shipping birds

Notes On Keeping & Raising

Doves & Pigeons

with Krissy Anne Butler

Crowned PigeonLarge numbers of pigeons and doves have been bred on game farms and in zoos for hundreds of years. Due to the ease with which many of the common species can be managed, their popularitybleeding heart dove in hand has been steadily increasing. Many are easy to maintain in good health for years, requiring only suitable food and reasonable protection from severe weather. Since doves and pigeons raise their own young to maturity, no incubators or other artificial paraphernalia are required to raise them.

The term "dove" refers to the small and medium-sized birds, such as the Bleeding-heart dove pictured at right, while large-sized birds like the Victoria Crowned Pigeon on the Gazette cover shown at the top left of this page usually go by "pigeon." In some species these terms are applied interchangeably. Doves and pigeons are considered to be "game birds" as many species have been hunted and used for food in many of the countries in which they are native. It is very common for people who keep quail and pheasants to also raise pigeons and doves.

Some breeders feel it is best to start out with mated pairs of pigeons and doves, preferably not over three years old, that have proven themselves to be reliable breeders and feeders. This is also important pigeonsince some varieties are not easy tpair of pigeonso sex, in which case the beginner may run the risk of getting two birds of the same sex. A good pair of pigeons or doves may produce youngsters year in and year out for a long time, for they are usually long-lived if given reasonably good care and the right food.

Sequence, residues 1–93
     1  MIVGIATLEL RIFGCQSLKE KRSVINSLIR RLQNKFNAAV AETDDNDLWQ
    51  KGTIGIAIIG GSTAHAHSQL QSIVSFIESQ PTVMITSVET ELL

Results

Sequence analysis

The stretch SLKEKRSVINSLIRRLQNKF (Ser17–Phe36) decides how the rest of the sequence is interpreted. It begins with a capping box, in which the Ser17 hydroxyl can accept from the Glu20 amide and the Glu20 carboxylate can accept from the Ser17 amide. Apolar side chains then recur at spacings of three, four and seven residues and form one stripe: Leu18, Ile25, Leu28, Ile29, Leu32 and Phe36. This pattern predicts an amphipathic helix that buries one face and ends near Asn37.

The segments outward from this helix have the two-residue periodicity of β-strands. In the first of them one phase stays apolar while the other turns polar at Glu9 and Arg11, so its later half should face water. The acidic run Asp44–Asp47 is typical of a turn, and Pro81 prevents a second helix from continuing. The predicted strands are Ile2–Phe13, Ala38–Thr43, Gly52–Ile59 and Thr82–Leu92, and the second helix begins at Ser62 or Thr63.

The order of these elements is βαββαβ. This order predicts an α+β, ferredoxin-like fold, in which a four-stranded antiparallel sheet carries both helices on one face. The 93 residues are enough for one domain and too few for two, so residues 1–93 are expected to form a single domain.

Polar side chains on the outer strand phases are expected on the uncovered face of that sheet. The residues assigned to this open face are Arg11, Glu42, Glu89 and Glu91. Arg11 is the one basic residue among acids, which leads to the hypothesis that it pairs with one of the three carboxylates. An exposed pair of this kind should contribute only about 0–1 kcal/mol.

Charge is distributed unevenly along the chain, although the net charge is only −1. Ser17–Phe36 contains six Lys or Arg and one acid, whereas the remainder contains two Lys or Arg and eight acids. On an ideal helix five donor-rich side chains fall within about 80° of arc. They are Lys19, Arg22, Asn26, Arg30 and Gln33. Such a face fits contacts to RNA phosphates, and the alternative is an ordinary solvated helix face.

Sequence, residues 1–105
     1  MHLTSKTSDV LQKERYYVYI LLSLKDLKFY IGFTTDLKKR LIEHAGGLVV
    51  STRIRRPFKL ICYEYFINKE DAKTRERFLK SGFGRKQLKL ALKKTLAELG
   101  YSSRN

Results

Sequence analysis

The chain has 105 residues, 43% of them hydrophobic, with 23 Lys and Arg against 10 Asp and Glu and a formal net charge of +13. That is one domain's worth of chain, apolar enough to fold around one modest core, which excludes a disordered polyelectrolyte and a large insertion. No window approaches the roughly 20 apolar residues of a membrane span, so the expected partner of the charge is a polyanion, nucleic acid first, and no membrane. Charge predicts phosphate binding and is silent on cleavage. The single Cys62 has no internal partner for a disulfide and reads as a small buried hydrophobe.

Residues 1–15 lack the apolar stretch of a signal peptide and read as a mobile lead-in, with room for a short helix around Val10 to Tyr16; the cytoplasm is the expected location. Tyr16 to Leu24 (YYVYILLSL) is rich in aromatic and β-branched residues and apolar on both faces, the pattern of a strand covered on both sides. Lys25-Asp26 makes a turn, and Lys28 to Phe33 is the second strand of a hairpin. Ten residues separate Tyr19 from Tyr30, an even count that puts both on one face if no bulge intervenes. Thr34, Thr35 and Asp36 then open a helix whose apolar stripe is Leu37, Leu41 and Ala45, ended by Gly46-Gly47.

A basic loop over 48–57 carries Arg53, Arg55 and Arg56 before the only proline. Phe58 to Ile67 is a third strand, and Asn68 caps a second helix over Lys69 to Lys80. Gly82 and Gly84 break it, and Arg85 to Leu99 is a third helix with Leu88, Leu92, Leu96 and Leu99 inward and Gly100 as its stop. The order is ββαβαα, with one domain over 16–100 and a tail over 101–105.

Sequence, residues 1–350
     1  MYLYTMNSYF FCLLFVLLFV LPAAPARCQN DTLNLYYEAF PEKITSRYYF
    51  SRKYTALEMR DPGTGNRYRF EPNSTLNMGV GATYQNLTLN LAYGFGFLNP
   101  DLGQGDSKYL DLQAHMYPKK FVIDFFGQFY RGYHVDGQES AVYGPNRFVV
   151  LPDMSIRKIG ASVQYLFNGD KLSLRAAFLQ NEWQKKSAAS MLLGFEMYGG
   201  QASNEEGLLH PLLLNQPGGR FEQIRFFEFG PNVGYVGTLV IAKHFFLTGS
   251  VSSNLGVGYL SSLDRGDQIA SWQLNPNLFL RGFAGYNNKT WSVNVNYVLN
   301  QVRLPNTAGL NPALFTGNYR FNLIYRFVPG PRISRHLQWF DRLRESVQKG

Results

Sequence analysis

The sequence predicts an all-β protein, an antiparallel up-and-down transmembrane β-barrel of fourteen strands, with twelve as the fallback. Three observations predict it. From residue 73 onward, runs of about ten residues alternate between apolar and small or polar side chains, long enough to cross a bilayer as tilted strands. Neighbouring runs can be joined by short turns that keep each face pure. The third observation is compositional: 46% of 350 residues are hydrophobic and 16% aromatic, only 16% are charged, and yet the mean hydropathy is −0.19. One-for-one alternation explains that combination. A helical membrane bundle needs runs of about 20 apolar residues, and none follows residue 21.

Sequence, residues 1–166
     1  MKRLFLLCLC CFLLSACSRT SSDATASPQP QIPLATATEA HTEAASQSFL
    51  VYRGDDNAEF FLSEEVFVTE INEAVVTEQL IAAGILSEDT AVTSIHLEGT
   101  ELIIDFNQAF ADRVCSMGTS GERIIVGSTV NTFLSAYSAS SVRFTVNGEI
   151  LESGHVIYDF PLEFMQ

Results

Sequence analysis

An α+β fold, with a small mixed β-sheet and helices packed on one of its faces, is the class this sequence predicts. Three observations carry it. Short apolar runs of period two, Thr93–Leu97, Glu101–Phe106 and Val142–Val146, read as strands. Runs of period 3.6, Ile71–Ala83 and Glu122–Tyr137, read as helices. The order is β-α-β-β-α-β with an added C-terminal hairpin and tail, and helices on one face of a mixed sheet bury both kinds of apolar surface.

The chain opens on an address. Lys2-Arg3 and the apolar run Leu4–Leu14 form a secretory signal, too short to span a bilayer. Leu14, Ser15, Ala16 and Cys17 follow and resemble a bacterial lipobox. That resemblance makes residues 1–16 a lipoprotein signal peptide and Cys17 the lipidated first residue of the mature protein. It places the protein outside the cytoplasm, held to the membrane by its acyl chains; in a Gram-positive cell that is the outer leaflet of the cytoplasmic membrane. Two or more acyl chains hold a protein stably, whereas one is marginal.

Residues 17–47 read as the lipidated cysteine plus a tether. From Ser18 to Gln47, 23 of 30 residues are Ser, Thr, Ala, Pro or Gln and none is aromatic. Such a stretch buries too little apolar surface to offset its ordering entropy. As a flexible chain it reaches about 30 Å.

Generally speaking, foreign doves and pigeons are divided into two large groups–the seedeaters and the fruit-eaters (an example of the latter being the Jambu Fruit Dove, a pair of which is pictured above right. The so-called fruit pigeons as a general rule do not breed as prolifically as the seed eating species. Moreover, they require soft food in the form of boiled rice mixed with chopped fruit, whereas seed-eaters require little else than various grains and occasional mealworms and a little mynah-bird food. Fruit-pigeons are not suitable for small aviaries since their copious soft dropping, unless frequently removed, are likely to cause an unsightly, smelly mess. However, if large, spacious enclosures are available for them, they are likely to do quite well in them. Owing to their usually colorful plumage, pigeons and doves are much prized by many bird-lovers. Our discussion here will focus mainly on seed-eating doves and pigeions, of which currently many varieties are to be found in fanciers' hands.

The Game Bird Gazette magazine provides great information on how to successfully keep and breed pigeons and doves, including pigeon and dove feeding, housing, and other care requirements. You can also find doves and pigeons listed for sale in the Gazette.

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Popularity of Pigeons & Doves

Shipping Doves & Pigeons

Pheasant

Quail